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Franchise Legalese Defined — A Deep Dive Into Franchising Definitions Before you can decide if you should franchise, find out exactly what you're getting yourself into.

By Mark Siebert Edited by Carl Stoffers

Key Takeaways

  • Beyond fast food and hospitality, franchises span various industries including janitorial services, lawn care, and in-home non-medical care for senior citizens.
  • Franchising involves navigating a complex regulatory landscape.
  • The franchisee pays for the right to operate under the franchisor's name and business model. The franchisor allows the use of its trademark and provides essential training, startup assistance, and ongoing support.

Opinions expressed by Entrepreneur contributors are their own.

In Franchise Your Business, author and franchise consultant Mark Siebert delivers the ultimate how-to guide to employing one of the greatest growth strategies ever: franchising. Siebert shares decades of experience, insights, and practical advice to help grow your business exponentially through franchising while avoiding the pitfalls. In this edited excerpt, Siebert offers a legal description of a franchise from both a federal and state perspective.

Everyone knows what a franchise is, right? It's McDonald's and Jiffy Lube. It's Subway, Massage Envy and Holiday Inn.

But many people would be surprised to hear that some of the biggest companies in janitorial services are also franchises. The same holds true for carpet cleaning, wood restoration, lawn care and dozens of other industries. The largest providers of in-home, non-medical care for senior citizens are franchises. And so are many of the world's largest hotel brands. You name it — and chances are, it's been franchised.

Related: Considering franchise ownership? Get started now and take this quiz to find your personalized list of franchises that match your lifestyle, interests and budget.

Who is the franchisee?

Generally speaking, a franchisee is someone who pays a franchisor for the right to operate a business under the franchisor's name and using the franchisor's business model. The franchisee furnishes all the capital required for opening the business and assumes full financial and operational responsibility for running the business. Generally, the franchisee will also pay a continuing royalty (usually between four to 10 percent of gross sales or sometimes even higher) to the franchisor, and often the franchisee will buy products from the franchisor.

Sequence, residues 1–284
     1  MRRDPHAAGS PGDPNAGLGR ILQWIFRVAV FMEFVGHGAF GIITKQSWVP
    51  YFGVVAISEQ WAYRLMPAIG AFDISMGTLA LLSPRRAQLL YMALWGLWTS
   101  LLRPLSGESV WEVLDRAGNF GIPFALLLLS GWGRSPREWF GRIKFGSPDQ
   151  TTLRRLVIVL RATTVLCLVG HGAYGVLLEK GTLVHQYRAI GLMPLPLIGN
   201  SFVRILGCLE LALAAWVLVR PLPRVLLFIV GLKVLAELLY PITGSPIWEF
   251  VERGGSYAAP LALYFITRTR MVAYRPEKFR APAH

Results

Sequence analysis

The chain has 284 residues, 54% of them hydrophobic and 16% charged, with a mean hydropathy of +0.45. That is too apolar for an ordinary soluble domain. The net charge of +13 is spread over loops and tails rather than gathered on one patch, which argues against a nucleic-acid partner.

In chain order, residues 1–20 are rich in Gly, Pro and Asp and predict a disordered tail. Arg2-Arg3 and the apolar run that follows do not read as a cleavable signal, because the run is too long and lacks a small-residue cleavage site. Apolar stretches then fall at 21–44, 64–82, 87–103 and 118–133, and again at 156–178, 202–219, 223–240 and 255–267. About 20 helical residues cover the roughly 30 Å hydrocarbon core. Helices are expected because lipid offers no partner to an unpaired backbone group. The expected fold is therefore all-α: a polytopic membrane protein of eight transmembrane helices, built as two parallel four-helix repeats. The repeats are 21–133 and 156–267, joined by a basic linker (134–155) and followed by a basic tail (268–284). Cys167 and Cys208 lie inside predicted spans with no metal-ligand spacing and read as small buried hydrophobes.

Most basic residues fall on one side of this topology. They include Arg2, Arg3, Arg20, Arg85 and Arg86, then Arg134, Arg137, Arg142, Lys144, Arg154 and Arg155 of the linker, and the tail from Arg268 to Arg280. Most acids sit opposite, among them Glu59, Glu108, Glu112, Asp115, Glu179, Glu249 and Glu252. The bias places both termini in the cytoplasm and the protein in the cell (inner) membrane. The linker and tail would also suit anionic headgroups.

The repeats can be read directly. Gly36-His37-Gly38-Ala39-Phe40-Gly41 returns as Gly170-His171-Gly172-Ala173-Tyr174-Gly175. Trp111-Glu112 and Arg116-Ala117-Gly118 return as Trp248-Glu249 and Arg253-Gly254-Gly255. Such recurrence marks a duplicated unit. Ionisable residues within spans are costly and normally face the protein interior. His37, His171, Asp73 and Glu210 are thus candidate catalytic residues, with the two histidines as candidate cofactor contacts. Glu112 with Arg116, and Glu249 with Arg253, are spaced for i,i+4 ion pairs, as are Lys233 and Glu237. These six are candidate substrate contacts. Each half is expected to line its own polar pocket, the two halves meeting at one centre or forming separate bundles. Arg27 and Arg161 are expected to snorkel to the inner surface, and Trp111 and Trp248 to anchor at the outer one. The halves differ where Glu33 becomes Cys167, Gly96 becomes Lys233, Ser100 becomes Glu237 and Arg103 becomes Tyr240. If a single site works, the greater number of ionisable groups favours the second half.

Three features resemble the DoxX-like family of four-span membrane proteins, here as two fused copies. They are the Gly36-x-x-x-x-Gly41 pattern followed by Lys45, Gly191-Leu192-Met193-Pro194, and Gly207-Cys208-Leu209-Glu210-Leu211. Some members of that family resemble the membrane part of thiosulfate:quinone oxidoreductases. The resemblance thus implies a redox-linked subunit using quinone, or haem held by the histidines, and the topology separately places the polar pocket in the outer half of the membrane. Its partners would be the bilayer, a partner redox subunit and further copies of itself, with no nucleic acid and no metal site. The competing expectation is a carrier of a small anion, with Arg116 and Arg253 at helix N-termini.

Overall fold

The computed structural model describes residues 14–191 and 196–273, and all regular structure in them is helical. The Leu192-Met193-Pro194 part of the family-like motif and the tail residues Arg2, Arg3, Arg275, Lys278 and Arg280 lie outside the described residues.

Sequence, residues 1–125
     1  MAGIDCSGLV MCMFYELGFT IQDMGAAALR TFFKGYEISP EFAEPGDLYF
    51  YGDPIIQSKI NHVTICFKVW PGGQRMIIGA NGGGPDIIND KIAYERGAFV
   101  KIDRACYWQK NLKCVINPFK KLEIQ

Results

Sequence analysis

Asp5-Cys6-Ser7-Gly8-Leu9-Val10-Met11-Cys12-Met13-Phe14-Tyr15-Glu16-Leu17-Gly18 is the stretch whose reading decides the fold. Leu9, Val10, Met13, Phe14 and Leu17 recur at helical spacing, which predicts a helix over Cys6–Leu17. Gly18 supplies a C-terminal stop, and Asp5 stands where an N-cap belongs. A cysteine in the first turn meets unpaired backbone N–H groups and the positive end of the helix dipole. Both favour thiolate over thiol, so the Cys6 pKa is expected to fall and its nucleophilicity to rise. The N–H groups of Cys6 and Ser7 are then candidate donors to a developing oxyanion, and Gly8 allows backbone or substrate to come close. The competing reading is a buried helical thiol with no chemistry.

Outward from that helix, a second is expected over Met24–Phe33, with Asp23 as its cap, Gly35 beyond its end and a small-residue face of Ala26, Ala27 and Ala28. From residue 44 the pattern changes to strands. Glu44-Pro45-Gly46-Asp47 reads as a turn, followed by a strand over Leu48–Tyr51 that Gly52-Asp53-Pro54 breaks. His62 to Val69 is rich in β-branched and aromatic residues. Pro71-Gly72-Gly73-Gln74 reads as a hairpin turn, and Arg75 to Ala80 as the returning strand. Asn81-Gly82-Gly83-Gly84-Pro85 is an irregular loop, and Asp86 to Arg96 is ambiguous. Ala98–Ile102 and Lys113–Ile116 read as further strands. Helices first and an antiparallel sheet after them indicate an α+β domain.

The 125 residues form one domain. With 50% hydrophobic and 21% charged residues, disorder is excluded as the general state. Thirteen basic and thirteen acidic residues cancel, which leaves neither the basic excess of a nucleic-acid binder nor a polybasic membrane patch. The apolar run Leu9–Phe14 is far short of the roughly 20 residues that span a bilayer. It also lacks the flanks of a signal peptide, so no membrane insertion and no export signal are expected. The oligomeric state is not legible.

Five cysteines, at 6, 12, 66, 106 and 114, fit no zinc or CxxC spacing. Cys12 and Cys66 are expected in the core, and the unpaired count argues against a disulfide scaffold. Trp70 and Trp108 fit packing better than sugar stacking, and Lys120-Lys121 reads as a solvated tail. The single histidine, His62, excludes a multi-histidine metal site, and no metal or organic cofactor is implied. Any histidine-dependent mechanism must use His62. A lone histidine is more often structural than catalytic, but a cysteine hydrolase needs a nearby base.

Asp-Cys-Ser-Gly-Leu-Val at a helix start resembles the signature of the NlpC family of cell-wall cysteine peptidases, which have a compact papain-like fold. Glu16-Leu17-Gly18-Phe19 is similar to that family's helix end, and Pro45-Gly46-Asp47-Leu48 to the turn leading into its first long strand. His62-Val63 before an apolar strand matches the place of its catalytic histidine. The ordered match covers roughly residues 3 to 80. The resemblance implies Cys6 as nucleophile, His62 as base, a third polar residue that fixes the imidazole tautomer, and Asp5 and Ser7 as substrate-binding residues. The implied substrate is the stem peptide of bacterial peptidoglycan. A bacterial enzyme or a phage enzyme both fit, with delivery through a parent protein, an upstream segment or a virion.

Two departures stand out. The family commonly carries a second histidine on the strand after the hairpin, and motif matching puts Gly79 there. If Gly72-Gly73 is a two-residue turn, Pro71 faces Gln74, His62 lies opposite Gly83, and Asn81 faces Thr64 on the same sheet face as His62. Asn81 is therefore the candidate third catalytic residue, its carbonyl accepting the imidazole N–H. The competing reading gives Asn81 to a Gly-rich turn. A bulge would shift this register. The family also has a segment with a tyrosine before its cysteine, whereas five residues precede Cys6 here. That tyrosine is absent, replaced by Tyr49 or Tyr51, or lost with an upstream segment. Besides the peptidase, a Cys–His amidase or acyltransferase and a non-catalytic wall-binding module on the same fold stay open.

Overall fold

Who is the franchisor?

The franchisor, for its part, will allow the franchisee to use its trademark and will train the franchisee to run the business according to its standards. Typically, the franchisor will also assist the franchisee during the startup period and provide ongoing support and assistance to the franchisee.

The franchisor will allow the franchisee to use its trademark and will train the franchisee to run the business according to its standards.

The level, type and quality of this ongoing support will often differ, but for many franchisors, it will take the form of advertising assistance, purchasing power, brand maintenance, financial guidance and ongoing operational support.

Legally speaking, what are franchises?

The term "franchise" has a very specific legal definition within the U.S. and other countries where they are regulated. In the U.S., the Federal Trade Commission in FTC Rule 436 defines a franchise as a business relationship that has three definitional elements:

1. The use of a common name or trademark

2. The presence of "significant operating control" or "significant oper­ating assistance"

3. A required payment of more than $500 in the first six months of operation by the franchisee (including initial fees, royalties, adver­tising fees, training fees, or fees for equipment)

Related: Become a Franchise Owner in 5 Easy Steps

The Franchise Disclosure Document

If a business relationship has the definitional elements of a franchise under the FTC rule, the franchisor must provide the prospective franchisee with a Franchise Disclosure Document (or FDD), which makes certain disclosures to the franchisees prior to the sale of a franchise. Along with these disclosure obligations, the franchisor's sales process is also regulated by this rule.

An FDD must contain 23 specific items of disclosure in a specific format.

An FDD must contain 23 specific items of disclosure in a specific format. In addition, the FDD must include all contracts the prospective franchisee must sign (including the franchise agreement and other ancillary legal documents, such as any financing agreement or an area development agreement, for example) and a copy of the franchisor's audited financial statements. (If you do not have audited financial statements, don't worry. Almost all new franchisors will create a new corporation and simply disclose that corporation's newly audited balance sheet to satisfy the requirement.)